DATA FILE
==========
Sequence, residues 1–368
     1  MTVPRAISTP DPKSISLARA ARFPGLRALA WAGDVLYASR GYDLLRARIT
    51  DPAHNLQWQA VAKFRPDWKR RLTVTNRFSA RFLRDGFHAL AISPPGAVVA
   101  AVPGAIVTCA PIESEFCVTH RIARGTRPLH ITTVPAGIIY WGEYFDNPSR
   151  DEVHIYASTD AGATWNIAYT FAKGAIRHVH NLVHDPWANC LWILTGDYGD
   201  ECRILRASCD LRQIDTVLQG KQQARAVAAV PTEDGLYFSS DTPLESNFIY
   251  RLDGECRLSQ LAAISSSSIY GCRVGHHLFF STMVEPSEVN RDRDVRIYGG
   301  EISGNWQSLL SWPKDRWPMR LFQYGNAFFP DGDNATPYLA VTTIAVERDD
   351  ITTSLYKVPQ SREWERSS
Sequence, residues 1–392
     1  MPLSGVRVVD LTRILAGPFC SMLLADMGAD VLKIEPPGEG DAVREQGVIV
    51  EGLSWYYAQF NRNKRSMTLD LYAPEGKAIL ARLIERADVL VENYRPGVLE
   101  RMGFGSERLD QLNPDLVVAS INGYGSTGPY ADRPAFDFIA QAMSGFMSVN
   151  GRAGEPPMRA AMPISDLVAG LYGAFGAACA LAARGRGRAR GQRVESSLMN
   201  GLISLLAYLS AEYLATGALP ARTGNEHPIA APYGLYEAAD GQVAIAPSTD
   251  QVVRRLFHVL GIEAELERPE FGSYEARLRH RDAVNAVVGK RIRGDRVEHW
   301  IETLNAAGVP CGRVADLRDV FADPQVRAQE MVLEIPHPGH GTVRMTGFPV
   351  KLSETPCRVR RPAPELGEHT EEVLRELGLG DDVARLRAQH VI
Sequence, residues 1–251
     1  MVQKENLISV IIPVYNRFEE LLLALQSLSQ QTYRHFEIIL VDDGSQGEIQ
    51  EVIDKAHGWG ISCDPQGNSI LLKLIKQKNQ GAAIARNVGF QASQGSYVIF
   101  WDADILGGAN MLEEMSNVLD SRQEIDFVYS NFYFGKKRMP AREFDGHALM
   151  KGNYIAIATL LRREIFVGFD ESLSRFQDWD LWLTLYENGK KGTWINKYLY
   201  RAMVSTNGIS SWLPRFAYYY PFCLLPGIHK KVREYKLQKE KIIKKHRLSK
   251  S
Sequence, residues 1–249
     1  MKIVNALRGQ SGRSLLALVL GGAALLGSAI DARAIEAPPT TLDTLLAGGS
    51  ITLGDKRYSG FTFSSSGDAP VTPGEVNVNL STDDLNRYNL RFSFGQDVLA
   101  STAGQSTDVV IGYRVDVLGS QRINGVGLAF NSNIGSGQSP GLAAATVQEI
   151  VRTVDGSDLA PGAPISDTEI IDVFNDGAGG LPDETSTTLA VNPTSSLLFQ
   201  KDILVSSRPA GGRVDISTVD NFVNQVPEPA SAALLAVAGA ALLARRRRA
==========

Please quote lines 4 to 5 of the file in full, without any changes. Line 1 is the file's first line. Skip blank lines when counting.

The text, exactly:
   101  AVPGAIVTCA PIESEFCVTH RIARGTRPLH ITTVPAGIIY WGEYFDNPSR
   151  DEVHIYASTD AGATWNIAYT FAKGAIRHVH NLVHDPWANC LWILTGDYGD